The Bill, whilst introduced a lot later than anticipated, is a positive step towards holding accountable those who feel it is otherwise ok to hide behind the security of a screen and make the life of others miserable and unbearable.
Linklaters, with around 70 lawyers based in Russia, was the first law firm to announce they were closing their Moscow office following Vladimir Putin’s unprovoked invasion of Ukraine and further stated that it ‘will not act for individuals or entities that are controlled by, or under the influence of, the Russian state, or connected with the current Russian regime, wherever they are in the world’.
Their departure was followed by that of Dentons, Baker Mackenzie, Allen & Overy, Clifford Chance and DLA Piper, to name a few. Akin Gump Stauss Hauer & Feld, with a Moscow presence of 24 years and the last prominent international law firm in Moscow, has confirmed it will be closing its Moscow office. The withdrawal of Akin Gump Strauss Hauer & Feld means the all 25 large international law firms will no longer operate in Russia until further notice.
Additionally, the safety of international lawyers based in Moscow was another critical factor in the decision to withdraw, with Skadden, Arps, Slate, Meagher & Flom stating that the relocation of its lawyers was ‘to ensure their safety in the face of increasing anti-American sentiment within Russia’, although they will leave their Moscow office open for now.
The legal profession is often characterised as a pompous sector lacking moral fibre, with its components, either human or legal entity, are there to ruthlessly take advantage of vulnerable clients, chase unjustified profits and fatten bonus packages. Of course, we know this is not all true. Granted, there is the occasional bad egg. However, occasionally it happens and is therefore unrepresentative of the legal sector.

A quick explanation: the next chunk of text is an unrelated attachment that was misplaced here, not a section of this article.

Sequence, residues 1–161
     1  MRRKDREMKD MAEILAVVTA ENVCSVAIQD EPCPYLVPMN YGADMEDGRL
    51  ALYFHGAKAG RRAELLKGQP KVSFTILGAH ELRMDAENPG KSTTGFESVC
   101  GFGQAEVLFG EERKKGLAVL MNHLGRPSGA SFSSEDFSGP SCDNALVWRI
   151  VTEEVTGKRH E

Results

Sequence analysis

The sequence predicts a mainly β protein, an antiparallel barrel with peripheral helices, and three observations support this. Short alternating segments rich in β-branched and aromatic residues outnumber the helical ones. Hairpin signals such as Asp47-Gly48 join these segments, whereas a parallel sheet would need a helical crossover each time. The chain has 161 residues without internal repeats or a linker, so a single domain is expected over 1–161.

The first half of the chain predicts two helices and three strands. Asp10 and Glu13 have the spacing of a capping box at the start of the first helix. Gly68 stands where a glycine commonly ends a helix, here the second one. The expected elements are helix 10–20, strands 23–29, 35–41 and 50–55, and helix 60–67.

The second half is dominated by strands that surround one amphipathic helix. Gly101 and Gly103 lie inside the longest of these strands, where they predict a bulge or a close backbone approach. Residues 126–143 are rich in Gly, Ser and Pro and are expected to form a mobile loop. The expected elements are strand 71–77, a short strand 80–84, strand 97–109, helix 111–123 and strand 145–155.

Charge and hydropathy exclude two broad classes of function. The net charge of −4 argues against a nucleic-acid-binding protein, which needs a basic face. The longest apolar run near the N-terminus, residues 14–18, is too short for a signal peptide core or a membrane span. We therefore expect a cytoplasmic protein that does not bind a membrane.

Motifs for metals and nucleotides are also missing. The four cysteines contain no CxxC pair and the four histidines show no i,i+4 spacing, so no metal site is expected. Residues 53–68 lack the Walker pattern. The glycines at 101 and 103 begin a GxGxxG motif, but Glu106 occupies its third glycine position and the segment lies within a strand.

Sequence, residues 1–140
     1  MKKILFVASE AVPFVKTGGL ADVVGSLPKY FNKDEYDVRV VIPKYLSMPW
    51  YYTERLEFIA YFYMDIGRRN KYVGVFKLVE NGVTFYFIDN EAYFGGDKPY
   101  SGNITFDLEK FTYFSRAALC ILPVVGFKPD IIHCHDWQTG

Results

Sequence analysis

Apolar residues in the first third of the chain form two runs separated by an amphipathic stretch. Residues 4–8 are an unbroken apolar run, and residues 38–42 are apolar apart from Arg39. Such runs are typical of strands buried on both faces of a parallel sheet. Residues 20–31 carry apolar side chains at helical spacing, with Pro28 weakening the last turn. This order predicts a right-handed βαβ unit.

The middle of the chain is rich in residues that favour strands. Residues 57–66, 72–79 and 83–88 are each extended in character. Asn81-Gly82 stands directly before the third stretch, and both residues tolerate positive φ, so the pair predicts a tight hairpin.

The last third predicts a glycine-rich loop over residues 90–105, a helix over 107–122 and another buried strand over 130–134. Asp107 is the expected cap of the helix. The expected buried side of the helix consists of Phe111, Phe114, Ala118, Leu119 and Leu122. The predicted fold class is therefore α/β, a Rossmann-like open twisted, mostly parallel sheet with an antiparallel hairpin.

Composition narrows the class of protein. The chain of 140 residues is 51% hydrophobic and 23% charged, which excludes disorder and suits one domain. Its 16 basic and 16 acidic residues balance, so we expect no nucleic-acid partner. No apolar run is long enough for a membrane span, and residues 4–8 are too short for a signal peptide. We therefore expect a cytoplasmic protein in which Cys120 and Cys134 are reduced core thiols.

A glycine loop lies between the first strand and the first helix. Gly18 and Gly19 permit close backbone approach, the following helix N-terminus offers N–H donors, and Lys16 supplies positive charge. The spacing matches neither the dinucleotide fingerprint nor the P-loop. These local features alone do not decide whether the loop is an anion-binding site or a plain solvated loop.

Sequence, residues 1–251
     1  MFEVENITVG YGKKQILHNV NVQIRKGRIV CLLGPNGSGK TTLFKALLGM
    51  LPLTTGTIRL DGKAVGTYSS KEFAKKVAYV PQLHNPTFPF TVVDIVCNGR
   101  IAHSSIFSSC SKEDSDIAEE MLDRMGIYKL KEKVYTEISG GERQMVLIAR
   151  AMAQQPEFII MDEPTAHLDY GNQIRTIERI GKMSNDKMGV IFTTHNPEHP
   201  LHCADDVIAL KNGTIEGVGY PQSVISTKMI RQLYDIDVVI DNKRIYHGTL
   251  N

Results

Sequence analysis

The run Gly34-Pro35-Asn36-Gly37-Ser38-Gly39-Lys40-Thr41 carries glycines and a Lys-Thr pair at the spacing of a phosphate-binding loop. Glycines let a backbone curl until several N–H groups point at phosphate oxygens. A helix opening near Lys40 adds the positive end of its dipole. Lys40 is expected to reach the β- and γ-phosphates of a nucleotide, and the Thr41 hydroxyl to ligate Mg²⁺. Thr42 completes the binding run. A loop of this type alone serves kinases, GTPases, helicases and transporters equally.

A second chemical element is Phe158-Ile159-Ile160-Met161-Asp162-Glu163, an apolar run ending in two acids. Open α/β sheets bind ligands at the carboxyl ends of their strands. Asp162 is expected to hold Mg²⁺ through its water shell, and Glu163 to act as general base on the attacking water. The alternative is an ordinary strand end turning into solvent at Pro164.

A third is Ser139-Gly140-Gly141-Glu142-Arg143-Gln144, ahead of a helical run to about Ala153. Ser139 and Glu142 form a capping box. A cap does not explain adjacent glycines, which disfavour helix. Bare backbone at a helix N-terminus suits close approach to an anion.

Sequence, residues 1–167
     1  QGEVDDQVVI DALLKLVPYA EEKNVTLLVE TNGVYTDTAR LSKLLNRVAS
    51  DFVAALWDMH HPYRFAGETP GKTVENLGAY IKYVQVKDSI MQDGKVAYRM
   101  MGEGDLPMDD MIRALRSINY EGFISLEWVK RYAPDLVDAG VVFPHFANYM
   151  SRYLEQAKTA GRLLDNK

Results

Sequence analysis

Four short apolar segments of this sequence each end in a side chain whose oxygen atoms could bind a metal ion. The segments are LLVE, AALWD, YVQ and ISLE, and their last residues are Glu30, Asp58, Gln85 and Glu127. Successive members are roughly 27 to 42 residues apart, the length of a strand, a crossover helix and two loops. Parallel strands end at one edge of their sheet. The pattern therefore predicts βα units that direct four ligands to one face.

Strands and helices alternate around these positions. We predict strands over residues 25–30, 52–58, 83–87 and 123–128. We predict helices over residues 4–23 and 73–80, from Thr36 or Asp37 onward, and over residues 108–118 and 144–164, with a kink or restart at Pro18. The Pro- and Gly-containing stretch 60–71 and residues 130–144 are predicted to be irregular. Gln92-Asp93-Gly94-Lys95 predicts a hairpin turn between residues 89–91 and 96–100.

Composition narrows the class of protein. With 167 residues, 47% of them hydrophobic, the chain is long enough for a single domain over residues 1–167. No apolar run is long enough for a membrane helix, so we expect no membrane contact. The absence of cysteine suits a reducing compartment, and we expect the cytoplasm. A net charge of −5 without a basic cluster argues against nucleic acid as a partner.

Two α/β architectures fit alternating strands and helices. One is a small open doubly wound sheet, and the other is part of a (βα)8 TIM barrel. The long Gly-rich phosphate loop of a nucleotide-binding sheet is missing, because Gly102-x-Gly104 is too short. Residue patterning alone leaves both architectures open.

In echoing worldwide sentiments and condemnation of Russia’s actions, DLA Piper, in a statement to the Financial Times, stated that ‘in light of Russia’s actions in Ukraine and the resulting humanitarian crisis, and our consequent decision not to act for clients connected to the Russian state, we have concluded that maintaining a presence in Russia is not aligned with our values, and therefore no longer viable.’ Akin Gump further stated, ‘they were deeply saddened and shocked by the events in Ukraine and the tragic and senseless loss of so many innocent Ukrainians’.
It was inevitable that other law firms would follow Linklaters. However, it was unexpected that all significant international firms would follow suit. It is worth noting that the withdrawal of these firms, whilst it results in loss of revenue to those firms, is a means of sidestepping sanctions imposed on Russia by the rest of the world. Furthermore, the withdrawals apply pressure on Russia.
How will Russian state-owned companies gain representation in legal affairs through firms lacking the expertise of the 25 that justifiably withdrew from Russia?